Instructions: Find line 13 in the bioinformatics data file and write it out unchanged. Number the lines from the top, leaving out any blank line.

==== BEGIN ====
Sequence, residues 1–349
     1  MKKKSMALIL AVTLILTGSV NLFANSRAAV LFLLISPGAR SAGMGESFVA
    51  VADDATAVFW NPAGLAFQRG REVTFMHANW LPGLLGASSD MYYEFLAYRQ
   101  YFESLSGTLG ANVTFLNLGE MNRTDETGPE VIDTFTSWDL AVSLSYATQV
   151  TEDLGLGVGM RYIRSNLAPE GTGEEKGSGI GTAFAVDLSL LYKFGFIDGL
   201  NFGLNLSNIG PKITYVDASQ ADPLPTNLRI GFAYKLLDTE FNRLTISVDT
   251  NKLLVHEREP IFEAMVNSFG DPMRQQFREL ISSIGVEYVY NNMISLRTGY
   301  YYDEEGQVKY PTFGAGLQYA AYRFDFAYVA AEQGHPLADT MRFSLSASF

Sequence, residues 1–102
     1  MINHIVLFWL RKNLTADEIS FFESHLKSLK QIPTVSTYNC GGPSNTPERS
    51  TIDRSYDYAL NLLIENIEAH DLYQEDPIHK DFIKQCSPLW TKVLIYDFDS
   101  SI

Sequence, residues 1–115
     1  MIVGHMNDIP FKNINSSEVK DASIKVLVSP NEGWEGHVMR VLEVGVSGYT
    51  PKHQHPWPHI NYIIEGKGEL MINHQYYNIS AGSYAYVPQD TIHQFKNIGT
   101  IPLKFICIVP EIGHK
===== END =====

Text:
Sequence, residues 1–115